The D.C. Council is poised to pay more than 20,000 city employees, including council members, a combined $22 million this year to make up for the four unpaid holidays they were forced to take last year to quell budget pressures.
In his monthly news briefing Monday, council Chairman Kwame R. Brown said he and Mayor Vincent C. Gray agreed that a big chunk of an unexpected budget surplus for fiscal 2012 should go to pay the employees.
The council is scheduled to vote on the matter Tuesday. But the plan, a major victory for politically influential public-employee unions, is fueling a debate over whether the District’s surplus dollars should go to its 29,000-strong workforce when the city is considering tax increases and cuts to social-services programs.
“Clearly, we would love to give money back to everybody. . . . Unfortunately, you can’t,” said Brown (D). “The people who work every day in this city, that have been working hard and took their furlough days, deserve to get their money back, and that is what is on the table now.”
The payment is about a quarter of the $80 million in budget revisions that Gray (D) has proposed as revenue increased this year. Yet, as the council ponders how to spend the surplus, some members are gearing up to push for possible tax hikes in next year’s budget.
On Monday, council member Jim Graham (D-Ward 1) said he would push for an increase in wholesale taxes on alcohol, about 6 cents per drink, that would generate an additional $20 million in revenue in fiscal 2013.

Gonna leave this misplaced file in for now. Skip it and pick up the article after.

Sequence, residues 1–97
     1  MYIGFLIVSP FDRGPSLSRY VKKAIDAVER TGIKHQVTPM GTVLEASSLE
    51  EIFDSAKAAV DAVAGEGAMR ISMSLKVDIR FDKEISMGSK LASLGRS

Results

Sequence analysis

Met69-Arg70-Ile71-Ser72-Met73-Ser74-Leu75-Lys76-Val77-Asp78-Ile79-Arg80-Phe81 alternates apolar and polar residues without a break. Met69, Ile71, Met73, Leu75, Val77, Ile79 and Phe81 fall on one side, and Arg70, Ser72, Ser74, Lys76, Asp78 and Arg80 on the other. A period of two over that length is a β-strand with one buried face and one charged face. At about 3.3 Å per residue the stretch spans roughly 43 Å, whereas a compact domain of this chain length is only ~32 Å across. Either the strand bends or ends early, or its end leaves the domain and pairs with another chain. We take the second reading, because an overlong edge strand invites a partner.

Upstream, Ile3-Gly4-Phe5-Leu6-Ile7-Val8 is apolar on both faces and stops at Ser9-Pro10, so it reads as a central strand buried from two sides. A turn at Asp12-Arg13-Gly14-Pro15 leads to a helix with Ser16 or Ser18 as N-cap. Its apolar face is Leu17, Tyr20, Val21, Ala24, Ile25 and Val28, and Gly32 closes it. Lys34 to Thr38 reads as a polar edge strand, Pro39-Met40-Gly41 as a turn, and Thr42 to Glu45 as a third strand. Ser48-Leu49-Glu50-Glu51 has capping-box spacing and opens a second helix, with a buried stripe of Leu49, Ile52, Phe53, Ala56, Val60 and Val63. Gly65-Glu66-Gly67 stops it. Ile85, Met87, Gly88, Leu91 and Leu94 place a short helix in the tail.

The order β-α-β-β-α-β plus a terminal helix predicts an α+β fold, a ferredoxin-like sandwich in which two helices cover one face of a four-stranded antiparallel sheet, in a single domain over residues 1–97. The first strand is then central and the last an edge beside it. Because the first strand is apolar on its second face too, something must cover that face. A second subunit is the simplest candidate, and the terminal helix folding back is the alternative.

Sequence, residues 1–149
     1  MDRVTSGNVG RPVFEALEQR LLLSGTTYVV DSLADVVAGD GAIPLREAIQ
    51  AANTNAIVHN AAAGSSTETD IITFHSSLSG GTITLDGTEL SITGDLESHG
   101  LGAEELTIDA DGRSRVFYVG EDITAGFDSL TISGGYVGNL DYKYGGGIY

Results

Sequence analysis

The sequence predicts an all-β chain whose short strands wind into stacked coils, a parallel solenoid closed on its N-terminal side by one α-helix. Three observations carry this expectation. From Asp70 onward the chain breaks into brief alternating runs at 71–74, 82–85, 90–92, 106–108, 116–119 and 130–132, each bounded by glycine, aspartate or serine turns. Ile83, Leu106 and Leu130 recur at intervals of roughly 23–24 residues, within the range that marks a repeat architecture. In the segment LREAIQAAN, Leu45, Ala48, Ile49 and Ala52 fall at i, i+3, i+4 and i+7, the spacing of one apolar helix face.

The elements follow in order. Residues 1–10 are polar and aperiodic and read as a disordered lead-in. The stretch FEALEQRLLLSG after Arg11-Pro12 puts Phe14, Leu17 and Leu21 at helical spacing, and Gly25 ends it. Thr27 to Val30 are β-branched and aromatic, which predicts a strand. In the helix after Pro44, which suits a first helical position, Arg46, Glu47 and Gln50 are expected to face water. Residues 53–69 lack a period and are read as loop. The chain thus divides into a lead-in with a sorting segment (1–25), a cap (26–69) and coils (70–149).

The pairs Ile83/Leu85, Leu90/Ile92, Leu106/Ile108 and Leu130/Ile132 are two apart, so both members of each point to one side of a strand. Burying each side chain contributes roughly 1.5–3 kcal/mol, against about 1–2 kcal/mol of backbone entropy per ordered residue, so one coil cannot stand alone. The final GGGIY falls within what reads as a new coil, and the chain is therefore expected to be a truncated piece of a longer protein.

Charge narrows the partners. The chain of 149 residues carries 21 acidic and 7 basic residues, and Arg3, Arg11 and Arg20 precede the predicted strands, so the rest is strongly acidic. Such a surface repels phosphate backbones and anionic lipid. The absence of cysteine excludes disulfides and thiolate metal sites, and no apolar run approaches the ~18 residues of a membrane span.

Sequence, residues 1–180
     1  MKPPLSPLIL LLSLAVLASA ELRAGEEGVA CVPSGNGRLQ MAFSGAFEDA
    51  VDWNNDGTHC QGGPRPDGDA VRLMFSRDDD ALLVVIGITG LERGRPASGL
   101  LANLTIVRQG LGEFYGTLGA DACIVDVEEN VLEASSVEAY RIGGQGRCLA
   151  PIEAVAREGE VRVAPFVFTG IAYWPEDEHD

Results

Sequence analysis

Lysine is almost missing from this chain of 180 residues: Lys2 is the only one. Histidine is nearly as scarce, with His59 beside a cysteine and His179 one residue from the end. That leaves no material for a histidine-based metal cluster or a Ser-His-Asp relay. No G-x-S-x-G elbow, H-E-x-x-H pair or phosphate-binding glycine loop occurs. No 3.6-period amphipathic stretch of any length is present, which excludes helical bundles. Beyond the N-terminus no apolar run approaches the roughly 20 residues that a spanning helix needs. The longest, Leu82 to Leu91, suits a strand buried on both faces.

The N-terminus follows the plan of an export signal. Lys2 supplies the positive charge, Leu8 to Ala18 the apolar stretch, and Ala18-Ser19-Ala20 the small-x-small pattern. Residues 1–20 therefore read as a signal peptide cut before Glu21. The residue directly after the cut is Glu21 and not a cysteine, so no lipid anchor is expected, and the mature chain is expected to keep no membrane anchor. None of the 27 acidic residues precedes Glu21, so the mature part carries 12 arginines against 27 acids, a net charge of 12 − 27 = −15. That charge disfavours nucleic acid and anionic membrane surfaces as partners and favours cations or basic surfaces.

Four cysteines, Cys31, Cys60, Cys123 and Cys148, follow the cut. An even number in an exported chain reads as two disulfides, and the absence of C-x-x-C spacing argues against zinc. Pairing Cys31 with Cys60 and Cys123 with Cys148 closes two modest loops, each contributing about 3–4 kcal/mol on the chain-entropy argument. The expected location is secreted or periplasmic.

Graham said the increase is needed because he wants to derail Gray’s proposal to allow bars to serve alcohol for an additional hour on weeknights and weekends. District officials estimate that the extended hours would generate about $3.2 million annually for the city.
The council is also struggling with growing concerns about proposed cuts to affordable housing, welfare and homeless services.
At a council hearing Monday, more than 60 homeless women and children briefly occupied the chamber, shouting that the city needed to free up an additional $4 million in spending to shift them to apartments from shelters.
“It’s just a drop in the bucket, and we could get all these families out of D.C. General [homeless shelter] to free up capacity,” said Marta Beresin, a staff attorney for the Washington Legal Clinic for the Homeless. “Right now, the shelters are full and no one else can be admitted.”
But Gray and Brown are pushing to spend a large share of the surplus in the fiscal 2012 budget on paying city employees for last year’s unpaid days.
At the time, Chief Financial Officer Natwar M. Gandhi projected a $188 million budget shortfall, prompting the furloughs on Presidents’ Day, Emancipation Day, Memorial Day and Independence Day. But in late January, Gray and Gandhi announced that the city had a surplus, leading critics to question some of the 2011 cuts and cost-saving actions.
In 2010, organized labor and city employees played a crucial role in Gray’s successful campaign to unseat Mayor Adrian M. Fenty (D). Public-employee unions have also been crucial backers of several council members.
“Four days may not seem like a lot of days to a lot of people, but if I lose a day, it might kill me,” said George Johnson, executive director of the local chapter of the American Federation of State, County and Municipal Employees.
Brown denies that politics influenced the decision to pay the employees, noting that money will go to unionized and management city workers.
“This is not employee unions getting their money back,” Brown said. “Everyone [in District government] is getting their money back.”
Because council members also had to give up four paid holidays last year, they also will be eligible if the plan is approved Tuesday.
Brown said he will not accept the money.